So, there’s a defined signature. If you will, when a spark or an arch occurs it almost gives a defined pattern on that circuit, that breaker consents that, and it shuts off the circuit before there’s enough current flow to create a fire. It is sitting there monitoring the circuit, looking for things that will cause fires.

Why do my lights flicker?

There’s a couple of three different things we’ve got to think about. Is the flickering light, just kind of blinking it off and on rapidly? A lot of times that is why we have that issue with the new led lights. That you’re trying to dim and they’re not designed to be dimmed, or there’s an incompatibilities issue between a dimmer and that led bulb that’s, that’s a big issue and it will continue to be a

Even if the dimmer and that led bulb is working great together because of the relationship, any type of voltage fluctuations coming in from the power company, you see more on that bulb. This isn’t bad because your house will accept about a plus or minus 10% difference in electricity coming in. You can see a two or 3% with your naked eye, so you can see it a lot quicker than it’s a problem.

It’s kind of a weird dynamic, but a lot of electrical stuff is designed for that. A lot of times when your major appliances start. Your appliances with motors in them, refrigerators, dishwashers, washing machines, air conditioners. A lot of times when those start, you will see a momentary dip in the level of white in half. So that is normal.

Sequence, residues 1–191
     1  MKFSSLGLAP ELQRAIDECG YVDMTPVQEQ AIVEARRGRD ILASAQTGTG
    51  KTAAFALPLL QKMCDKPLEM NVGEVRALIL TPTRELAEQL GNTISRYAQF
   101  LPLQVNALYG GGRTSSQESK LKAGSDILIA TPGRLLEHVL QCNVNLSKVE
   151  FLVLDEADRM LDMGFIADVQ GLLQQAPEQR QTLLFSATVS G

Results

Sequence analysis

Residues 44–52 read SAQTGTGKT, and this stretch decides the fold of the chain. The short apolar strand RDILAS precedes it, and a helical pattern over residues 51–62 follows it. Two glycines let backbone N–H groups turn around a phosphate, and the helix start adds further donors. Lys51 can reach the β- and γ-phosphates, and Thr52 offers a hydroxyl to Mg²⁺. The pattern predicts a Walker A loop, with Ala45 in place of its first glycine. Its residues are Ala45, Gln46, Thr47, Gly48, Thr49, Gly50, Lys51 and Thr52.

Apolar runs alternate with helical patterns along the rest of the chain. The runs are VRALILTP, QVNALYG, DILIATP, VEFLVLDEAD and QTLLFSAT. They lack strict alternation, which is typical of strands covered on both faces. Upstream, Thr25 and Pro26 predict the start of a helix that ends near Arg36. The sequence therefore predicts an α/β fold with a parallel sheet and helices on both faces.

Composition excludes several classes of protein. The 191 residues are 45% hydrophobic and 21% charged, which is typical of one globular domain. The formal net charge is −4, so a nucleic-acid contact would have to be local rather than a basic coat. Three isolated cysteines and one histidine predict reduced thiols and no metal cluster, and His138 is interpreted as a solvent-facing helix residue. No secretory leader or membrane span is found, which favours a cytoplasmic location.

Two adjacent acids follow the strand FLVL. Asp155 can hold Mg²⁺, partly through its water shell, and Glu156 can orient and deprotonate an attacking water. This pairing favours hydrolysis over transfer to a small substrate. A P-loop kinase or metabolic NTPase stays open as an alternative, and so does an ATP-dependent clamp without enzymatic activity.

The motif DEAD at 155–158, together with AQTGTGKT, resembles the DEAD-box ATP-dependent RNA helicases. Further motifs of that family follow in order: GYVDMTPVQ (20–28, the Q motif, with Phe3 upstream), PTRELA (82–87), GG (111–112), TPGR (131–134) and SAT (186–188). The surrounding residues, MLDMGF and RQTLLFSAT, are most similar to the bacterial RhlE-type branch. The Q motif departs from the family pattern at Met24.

That is just saying that the motor is starting and it’s causing a slight dip in the voltage. And you’re seeing that slight dip in the voltage. Once that motored it’s turning, then it goes away because it takes more power to get it started from a stationary position than it does to keep it moving.

How do you know when it’s time to upgrade your electrical?

That’s a loaded question because that can mean everything from the wiring in the wall, to your electrical service and a lot of stuff in between. So first there comes a point in time where the wiring in your wall is just worn out. It’s worn out because it’s old and the insulation on it gets brittle over time and it loses its insulating properties.

There is still wire from the 1910s that is still in service, you touch it and the installation falls off of it. It’s well past its life expectancy. They say 40 or 50 years is its max life.